4. With this being my first reported post on here as regards a derelict site, I thought it apt that I include one that is literally a cock stride from me. In fact, the rather nice non smoking stack can be seen poking above the roof tops from the bedroom window "GLOBE MILLS". She stands proud and dominates the center of the village. Slaithwaite is the only village in the entire country that has a canal system running straight through it. The mill was founded in 1887, and produced high quality worsted yarns. There's one thing for sure though! The words 'Made In Huddersfield' will always be synonymous with quality cloth. A man was always proud to wear a suit bearing the said same label. The firm was taken over by the Bradford based Amalgamated Textile Company in 1923. In the 1960's they employed 700 people. Many would travel from surrounding areas such as Barnsley in fleets of buses that were especially laid on. Oh happy days eh! By the 1980's the number of employed had dropped to 200, and by 1987 the company was spinning over 10 million miles of yarn a year,producing luxury fibres such as alpaca, mohair, angora and camel-hair. It finally closed It's doors in 2005, and had a massive impact on village life. Not just regarding unemployment, but small retail businesses also suffered because of the closure. ............................... Good things come to those who wait though! http://www.examiner.co.uk/news/local-west-yorkshire-news/2013/05/23/multi-million-pound-plans-to-transform-slaithwaite-mill-submitted-to-kirklees-council-86081-33370830/ ​It seems the sleeping beauty may have a new lease of life after all. Fingers crossed eh ........................................ The Mill is stripped of all It's former humble attire, but she still looks good in my eyes. There were some nice situations in here with great light to play with. A dirty sink and some form of cheese. Very nice. This is the connecting walkway between the Mills. Unfortunately blocked at one end. But this is how it looks from the outside. I simply loved all the colors in here. I then found the steps to heaven via the roof void. And up into the central tower and out to the roof. The Mill in the background is Spa Mill. It's still in operation today. One of the very few left in the Colne Valley that are. It's sister company Sybro Spinning, just up the road, closed not too long ago. It's now trashed beyond belief. The chavs around here certainly know how to conduct the wrecking ball? Back inside then......... Is it pushing the right buttons for you!! It's one of these places you just don't want to leave. This poor buggers here for the duration though. I could have used those maggots for fishing. ....................... Arty shot of the fire escape. And plant life desperately seeking an entry point. Air filters from the air con system. These were massive. Part of the original rope race which powered the looms. Beautiful. Lovely vintage lift. It never came though. Down the stairs and out we go. Visited with fannyadams and judderman 62 on more than one occasion. .............. So It's adios from...... Thanks for looking. ​Pub time. ​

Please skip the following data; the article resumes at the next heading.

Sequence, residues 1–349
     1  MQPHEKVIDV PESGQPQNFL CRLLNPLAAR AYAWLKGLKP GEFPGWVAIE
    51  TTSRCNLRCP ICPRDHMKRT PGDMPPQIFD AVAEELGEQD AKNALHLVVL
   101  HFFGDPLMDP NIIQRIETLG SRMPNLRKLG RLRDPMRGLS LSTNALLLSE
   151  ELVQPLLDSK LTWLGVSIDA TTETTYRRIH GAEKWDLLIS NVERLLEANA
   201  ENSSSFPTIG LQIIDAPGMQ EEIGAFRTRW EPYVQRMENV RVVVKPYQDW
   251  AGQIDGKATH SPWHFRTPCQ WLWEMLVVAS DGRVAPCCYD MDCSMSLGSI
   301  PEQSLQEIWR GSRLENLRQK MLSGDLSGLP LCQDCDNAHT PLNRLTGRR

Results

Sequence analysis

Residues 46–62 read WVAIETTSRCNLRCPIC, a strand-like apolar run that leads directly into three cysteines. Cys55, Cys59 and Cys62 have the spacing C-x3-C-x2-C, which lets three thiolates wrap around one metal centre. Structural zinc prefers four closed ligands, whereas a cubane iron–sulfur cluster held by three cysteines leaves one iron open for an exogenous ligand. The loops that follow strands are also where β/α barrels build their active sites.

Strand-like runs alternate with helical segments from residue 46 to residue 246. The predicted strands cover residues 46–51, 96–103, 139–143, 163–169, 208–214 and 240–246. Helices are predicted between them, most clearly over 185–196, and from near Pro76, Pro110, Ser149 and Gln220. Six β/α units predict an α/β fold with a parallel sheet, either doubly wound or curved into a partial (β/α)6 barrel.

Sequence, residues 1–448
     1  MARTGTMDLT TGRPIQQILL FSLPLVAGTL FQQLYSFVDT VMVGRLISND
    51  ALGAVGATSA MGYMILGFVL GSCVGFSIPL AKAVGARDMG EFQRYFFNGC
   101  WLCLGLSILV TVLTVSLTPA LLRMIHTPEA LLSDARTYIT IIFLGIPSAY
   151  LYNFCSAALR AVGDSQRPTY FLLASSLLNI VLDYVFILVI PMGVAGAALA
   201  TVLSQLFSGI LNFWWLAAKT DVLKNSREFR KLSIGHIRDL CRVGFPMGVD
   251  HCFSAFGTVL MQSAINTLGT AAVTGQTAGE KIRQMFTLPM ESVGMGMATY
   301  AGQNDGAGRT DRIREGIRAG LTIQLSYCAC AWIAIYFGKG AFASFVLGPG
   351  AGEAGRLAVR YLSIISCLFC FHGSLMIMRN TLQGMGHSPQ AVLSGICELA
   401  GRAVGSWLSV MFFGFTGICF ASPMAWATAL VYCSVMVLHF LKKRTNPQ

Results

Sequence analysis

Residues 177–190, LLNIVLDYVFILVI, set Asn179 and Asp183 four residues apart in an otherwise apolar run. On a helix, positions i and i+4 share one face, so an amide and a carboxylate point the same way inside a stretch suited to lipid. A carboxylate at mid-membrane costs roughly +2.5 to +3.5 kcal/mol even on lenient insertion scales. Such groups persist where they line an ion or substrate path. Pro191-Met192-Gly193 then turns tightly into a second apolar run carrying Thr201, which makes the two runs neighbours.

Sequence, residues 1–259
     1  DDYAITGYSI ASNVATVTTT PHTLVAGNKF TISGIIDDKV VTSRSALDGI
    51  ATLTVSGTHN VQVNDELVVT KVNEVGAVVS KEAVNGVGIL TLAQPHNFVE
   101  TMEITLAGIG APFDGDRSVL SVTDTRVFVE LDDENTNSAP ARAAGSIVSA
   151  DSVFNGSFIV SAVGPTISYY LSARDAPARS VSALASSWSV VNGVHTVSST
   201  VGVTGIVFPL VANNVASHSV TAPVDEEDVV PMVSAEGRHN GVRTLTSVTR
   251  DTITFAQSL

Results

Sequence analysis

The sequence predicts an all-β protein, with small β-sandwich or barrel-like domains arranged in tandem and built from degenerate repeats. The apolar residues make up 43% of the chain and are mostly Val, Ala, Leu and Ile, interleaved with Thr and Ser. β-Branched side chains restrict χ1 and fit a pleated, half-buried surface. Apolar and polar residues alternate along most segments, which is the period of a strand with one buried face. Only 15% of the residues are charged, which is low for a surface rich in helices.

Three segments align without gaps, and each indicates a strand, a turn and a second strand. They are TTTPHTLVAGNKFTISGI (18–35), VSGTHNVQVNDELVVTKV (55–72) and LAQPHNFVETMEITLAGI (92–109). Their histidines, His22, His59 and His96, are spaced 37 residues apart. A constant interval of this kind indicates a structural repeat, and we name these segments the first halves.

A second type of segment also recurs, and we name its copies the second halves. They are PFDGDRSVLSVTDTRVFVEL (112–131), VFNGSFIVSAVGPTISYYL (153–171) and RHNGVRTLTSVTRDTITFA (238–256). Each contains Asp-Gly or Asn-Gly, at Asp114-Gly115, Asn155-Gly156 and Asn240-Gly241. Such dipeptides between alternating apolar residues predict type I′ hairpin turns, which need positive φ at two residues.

5. In the heart of Essex this little school has gone unnoticed for some time. Done some research on it and found out that it is to be converted in to 11 luxury apartments. It opened in the early 1900's served as a school for some time before closing a while ago. It still has a lot of character. I loved it. The hall was absolutely amazing, walked in and just stopped. I have never seen anything so beautiful. I must admit that wasn't what I expected from the outside. You can see that some bits have started to be stripped, I got here a little too late for that but I am pretty pleased none the less.
  6. Visited on a very cold, early morning during a Lincolnshire road trip I went on last winter. I was so cold and tired on this particular morning that I managed to forget to put on my shoes before leaving the car, so ended up doing the whole explore in my slippers! However, it was very much worth the numb feet, and I found it hard to drag myself away from the place. This really is a stunning example of a British Victorian Asylum. History: St John’s Asylum, Lincolnshire in the East of England was built 1852. The building was then known as Lindsey & Holland Counties & Lincoln & District Lunatic Asylum. The Asylum has also been known over the years as Lincolnshire County Pauper Lunatic Asylum and Bracebridge Heath Asylum. Finally it was given the name St John’s during the early 1960’s It was originally built to house just 250 patients but by 1902 the asylum grounds covered 120 acres. The grounds of the asylum were cultivated by the inmates where they grew their own vegetables. Within the grounds was a cemetery for the hospital which covered 1.5 acres. St John’s also had its own mortuary chapel. After the outbreak of World War II during 1940, the patients were transferred to other nearby establishments as the hospital was turned into an emergency hospital. In 1948 the administration of the hospital was passed to the National Health Service The asylum finally closed its doors during December 1989 with all the patients being transferred to other nearby hospitals. The site was then sold to developers who have converted a lot of the site into new housing. All that now remains is the main asylum buildings which are Grade II listed, keeping them safe from demolition. 1. 2. 3. 4. 5. 6. 7. 8. 9. 10. 11. 12. 13. 14. 15. 16. 17. 18. 19. 20. 21. 22. 23. 24. 25. 26. 27. 28. 29. 30.